WRITINGS

People in Seattle

People in Seattle

“Seattle is like Minnesota… You don’t tell your family you’re angry with them. You take it to your grave.” - a friend from the Midwest

Standing non-invitation.

Most Seattle folks are nice. It’s nice and friendly to give people the impression that you want to socialize with them. Tell people you like that you think they should stop by sometime, get a drink with you, or go on vacation together. Maybe you can even propose an arranged marriage between your toddlers. It’s nice, and it’s just being nice. It’s more than likely nothing will come of these pleasantries. Bottom line: always tell people that they are welcome anytime.

However, don’t make the potato salad for the backyard BBQ until you actually get an official invitation. You’ll know the welcome is legit when you get it, because it’ll be super last-minute, casual, and feel like it came at you like a secret word-of-mouth. “We should get together sometime, seriously” is completely different than getting an invite Friday night to come over on Saturday morning.

A real Seattle invite will leave you with the feeling of “don’t they even think I might want to plan ahead?!” You’ve totally arrived if that happens. If you want to do this west coast Seattle socializing thing in style, immediately promise to possibly show up, and then decline an hour beforehand due to your need to go across the Cascades for a last-minute hike because it’s sunny over there. Or even better than that, don’t say anything, and show up unannounced with a bottle of local bourbon-barrel aged beer and act as if you were planning to show up the entire time because you never said you weren’t coming.

I have enough friends

A statement I’ve heard in confidence a number of times is “I have enough friends” or more noxiously “I don’t have time for new friends.” This is often from people that have lived in Seattle a number of years, and it’s simply an excuse for not including someone new or making an effort to meet new people.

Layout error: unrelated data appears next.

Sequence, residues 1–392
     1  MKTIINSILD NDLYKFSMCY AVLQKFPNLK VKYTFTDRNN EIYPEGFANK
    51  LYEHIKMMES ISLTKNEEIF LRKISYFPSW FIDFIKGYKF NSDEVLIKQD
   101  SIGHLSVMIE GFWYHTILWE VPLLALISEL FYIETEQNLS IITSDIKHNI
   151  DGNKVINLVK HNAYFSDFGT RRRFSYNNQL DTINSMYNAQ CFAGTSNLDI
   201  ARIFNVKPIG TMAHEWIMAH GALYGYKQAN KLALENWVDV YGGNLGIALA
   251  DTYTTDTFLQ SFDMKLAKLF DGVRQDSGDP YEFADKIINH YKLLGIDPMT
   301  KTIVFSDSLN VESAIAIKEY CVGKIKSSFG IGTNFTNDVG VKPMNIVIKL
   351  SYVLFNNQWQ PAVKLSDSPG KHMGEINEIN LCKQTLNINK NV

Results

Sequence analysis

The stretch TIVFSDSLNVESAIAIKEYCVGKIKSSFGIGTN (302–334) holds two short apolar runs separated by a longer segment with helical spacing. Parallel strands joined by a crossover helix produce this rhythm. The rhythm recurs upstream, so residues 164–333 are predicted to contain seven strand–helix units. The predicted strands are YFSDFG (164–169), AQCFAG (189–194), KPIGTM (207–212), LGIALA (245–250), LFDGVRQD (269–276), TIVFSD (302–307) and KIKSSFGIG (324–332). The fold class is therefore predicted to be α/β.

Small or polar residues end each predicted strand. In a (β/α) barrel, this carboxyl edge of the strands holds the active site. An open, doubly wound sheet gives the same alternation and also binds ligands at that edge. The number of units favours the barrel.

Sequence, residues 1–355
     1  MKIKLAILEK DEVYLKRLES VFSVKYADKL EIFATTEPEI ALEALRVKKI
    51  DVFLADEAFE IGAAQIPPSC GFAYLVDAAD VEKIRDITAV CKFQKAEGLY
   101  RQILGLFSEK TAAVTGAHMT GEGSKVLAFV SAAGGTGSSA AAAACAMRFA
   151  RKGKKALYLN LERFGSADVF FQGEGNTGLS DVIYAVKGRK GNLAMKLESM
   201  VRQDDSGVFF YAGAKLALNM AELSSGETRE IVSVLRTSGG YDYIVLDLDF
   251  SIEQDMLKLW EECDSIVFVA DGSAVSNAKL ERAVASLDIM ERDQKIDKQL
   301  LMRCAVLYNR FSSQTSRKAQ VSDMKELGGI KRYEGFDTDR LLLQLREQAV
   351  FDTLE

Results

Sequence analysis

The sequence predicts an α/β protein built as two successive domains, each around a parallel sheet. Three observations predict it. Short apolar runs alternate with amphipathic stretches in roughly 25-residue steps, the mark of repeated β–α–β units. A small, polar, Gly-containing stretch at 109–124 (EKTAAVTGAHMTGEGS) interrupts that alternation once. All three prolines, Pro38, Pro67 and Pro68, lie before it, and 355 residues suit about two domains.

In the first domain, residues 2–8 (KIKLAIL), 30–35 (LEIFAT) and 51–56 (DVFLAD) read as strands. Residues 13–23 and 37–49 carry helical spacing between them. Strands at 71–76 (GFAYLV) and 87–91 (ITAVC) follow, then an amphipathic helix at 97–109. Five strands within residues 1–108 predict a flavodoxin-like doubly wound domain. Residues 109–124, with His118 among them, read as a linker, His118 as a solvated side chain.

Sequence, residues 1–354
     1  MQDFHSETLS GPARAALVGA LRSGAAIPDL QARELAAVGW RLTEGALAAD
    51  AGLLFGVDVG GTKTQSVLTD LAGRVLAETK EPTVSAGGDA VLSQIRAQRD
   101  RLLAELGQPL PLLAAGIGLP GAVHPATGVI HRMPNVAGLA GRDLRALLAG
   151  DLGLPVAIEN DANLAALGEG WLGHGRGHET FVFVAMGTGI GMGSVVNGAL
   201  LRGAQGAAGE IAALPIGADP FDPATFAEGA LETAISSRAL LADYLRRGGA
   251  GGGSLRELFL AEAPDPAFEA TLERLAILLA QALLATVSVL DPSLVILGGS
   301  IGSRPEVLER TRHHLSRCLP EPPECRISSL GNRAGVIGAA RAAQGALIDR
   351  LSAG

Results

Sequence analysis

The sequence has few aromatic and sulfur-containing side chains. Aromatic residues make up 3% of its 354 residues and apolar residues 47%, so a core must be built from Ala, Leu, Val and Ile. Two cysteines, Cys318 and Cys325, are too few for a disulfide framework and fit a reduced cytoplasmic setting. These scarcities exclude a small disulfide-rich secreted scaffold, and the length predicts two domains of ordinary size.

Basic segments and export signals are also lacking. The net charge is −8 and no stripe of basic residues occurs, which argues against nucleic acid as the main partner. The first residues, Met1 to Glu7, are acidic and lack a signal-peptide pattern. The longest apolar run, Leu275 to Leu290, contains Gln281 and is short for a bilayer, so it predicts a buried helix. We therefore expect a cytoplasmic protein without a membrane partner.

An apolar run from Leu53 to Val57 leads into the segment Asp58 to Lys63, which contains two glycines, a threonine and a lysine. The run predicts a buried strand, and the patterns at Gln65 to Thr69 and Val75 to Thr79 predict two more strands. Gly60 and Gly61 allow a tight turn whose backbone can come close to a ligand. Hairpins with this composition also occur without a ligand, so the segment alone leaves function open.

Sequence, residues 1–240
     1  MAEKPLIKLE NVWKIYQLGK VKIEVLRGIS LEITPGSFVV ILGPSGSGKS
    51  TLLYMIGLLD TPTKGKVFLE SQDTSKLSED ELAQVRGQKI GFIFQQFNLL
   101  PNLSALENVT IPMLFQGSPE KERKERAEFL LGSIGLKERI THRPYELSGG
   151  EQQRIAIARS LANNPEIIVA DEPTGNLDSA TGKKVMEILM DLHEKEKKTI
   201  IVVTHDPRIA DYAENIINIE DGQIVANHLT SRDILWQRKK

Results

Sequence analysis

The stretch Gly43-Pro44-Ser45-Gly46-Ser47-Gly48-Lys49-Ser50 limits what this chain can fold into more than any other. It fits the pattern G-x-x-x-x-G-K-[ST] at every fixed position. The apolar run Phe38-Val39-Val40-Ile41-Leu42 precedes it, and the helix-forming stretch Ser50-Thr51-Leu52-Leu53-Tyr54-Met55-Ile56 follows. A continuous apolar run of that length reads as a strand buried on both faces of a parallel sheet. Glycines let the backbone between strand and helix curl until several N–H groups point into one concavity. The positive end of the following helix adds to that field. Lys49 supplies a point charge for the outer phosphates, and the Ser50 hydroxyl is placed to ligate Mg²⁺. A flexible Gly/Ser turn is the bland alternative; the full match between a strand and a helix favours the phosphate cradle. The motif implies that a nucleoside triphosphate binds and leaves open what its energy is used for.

Doggie blow-off

When you think someone is waving at you and they’re really just saying hi to the dog behind you.

Always give the impression of serene, calm and cool

“Suppose someone is being awful at a party. Maybe they’re being really loud or something. I don’t know, I don’t want to be that guy. That person that nobody likes. That person that’s being a jerk.” - friend from Oregon

A woman I know prided herself on her reputation for not planning. “You see, I’m not a planner. I just go with the flow.” A classic Seattle statement, because of course you make plans, sweetheart. You plan your Mexican vacations 8 months in advance to coincide with spring break, the Hawaiian vacation at Christmas, the numerous after-school classes for your children, the anniversary date at Canlis.

All of this planning involves very unlaid-back, stressful and sometimes nail-biting amounts of planning. But to admit to any of this is uncouth. It is far more relaxing for all involved to never commit and never give a definite answer. To do otherwise would seem desperate.

Honesty is Taboo

Speaking your mind, especially to someone’s face, is frowned upon. In other parts of the world, deliberately not telling the truth is seen as dishonest, back-stabbing, disingenuous or spineless. Here, it’s being nice - why start a scene?

The Parking Garage Incident

There are a number of very wonderful patisseries in Seattle. One in the Eastlake neighborhood has a selection of croissants and pastries. It also has a parking garage very typical of this city - cramped, fit for only the tiniest of cars, blind turns, and no way to easily turn around. I also tend to only show up when the 15 min slots are open.

I was in a rush - there are so many possible reasons, perhaps this time it was between school pickup and a doctor’s appointment.

The parking garage was completely, maddeningly crowded for 11:30 on a Tuesday morning. I had a camera on the back of the car, and slowly backed out of the parking spot. Someone else started backing out. I immediately stopped, opened my window and started yelling -

“Hey! Watch out! You’re going to hit someone!”

And in Seattle, instead of looking at the offending party (this nutcase that wasn’t paying any attention to where he/she was backing up), everyone in the garage looked at me. The old couple walking to their car, another person in their car, a mom with her baby. They looked at me as a crazy curiosity, and I know why now - I was the rude one. They were thinking

How rude, how dare she!

Opening her mouth to yell, disturbing the peace and quiet of this crowded parking garage!

The Perfect Blend

I would like to propose that the perfect blend (think coffee!) of personalities in the United States of America would meld the honesty and chutzpah of New York City with the polite restraint of the Pacific Northwesterners and the gracious hello-how-are-you-doing-thank-you manners of the Southeast.

I’ve been in Seattle almost 10 years. I feel like I get it now. Sometimes I think it’s odd and weird but on the other hand the road rage is less pronounced here and I like the overall calm vibe.